For a modern-day climate scientist, this rock could be magical.
Humans release at least 35 billion tons of carbon dioxide into the atmosphere each year, which can be tough on the environment.
But what if, alchemy-like, we could take all that carbon dioxide and turn it into rock?
At Iceland's Hellisheidi power plant, that's what they've been trying to do.
Hellisheidi is a geothermal plant, which means it uses volcanically-heated water to run turbines, but the process isn't perfectly emission-free — it can bring up volcanic gases, including carbon dioxide.
And while the amount of those gases it generates are only a tiny fraction of what a coal plant would produce, the power plant still wanted to get rid of it.
So in 2012, they started a pilot program, Carbfix, to try putting that carbon back in the ground.
How do they do it?
They capture the plant's carbon dioxide, mix it with water, and inject it nearly a half-mile down into the volcanic basalt.
There, the carbon dioxide reacts with chemicals naturally found in the basalt and turns from a gas into chalky, white carbonate.
Some previous projects have tried pumping carbon dioxide into sandstone or aquifers, but that was essentially just hiding the carbon dioxide. This process transforms it.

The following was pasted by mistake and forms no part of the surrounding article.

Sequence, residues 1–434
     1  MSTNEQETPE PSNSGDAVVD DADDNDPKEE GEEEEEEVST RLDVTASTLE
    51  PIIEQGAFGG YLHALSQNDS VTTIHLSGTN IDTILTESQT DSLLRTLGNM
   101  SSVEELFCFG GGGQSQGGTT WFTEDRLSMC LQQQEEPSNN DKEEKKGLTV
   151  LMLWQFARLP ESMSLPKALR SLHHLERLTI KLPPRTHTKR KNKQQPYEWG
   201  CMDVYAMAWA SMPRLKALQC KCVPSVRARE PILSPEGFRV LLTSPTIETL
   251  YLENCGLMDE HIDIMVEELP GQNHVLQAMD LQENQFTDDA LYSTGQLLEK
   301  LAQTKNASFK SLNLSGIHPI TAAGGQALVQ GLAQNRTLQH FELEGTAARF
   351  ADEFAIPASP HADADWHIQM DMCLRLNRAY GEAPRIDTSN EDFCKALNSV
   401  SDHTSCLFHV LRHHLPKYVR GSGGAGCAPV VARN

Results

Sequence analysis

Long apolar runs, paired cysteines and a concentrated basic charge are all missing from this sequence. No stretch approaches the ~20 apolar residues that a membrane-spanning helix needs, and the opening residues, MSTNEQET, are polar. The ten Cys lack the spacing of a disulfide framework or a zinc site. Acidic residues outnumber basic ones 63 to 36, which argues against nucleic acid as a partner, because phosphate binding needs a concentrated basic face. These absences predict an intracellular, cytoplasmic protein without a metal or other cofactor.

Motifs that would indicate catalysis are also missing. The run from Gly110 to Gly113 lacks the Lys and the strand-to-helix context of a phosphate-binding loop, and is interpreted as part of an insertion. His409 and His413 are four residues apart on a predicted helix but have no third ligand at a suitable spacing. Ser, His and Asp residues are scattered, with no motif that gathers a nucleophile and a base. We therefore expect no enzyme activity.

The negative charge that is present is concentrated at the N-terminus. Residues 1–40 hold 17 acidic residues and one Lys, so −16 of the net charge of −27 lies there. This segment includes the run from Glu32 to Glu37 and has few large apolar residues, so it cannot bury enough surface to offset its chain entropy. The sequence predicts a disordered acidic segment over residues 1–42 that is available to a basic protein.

That's great! But the truly amazing thing is that the process works hundreds of times faster than anyone predicted.
We knew this chemical reaction was theoretically possible, but previous studies guessed that it'd take hundreds, maybe even thousands, of years to work.
But Hellisheidi blew that timeline away. Within two years, 95% of the carbon dioxide pumped down had been turned into rock. The researchers just published these astounding findings in the journal Science.
This is amazing because it's not just Iceland that can do this. We could do this anywhere there's basalt.
Basalt is formed from volcanoes. Most of the sea floor is made of basalt and about 10% of continental rocks are too.
The Iceland scientists aren't being too hasty though. The next step is to try again at a larger scale.
The project is currently injecting 5,000 tons of carbon dioxide per year. They're planning to double that rate this summer and see how it works.
They're also being careful about any unintended consequences.
Some of the cores contained a greenish slime, for instance, which may be biological. Microbiologists are going to study this slime to learn how the Carbfix process might affect underground microbes.
And all of this research is key if we're going to stop climate change.
Carbon capture is a needed bridge to help us while we transition to clean energy.
In 2014, the International Panel on Climate Change included carbon capture in their list of options to help us limit climate change.
There's still a lot we need to do to stop climate change, but this technique could be a huge step forward.
There are many things we can personally do — such as limiting energy use and using our cars less — but we need action at the systematic level too.
"We need to deal with rising carbon emissions," said Dr. Jeurg Matter, lead author of the paper, in an article from Columbia University.
"This is the ultimate permanent storage — turning them back to stone."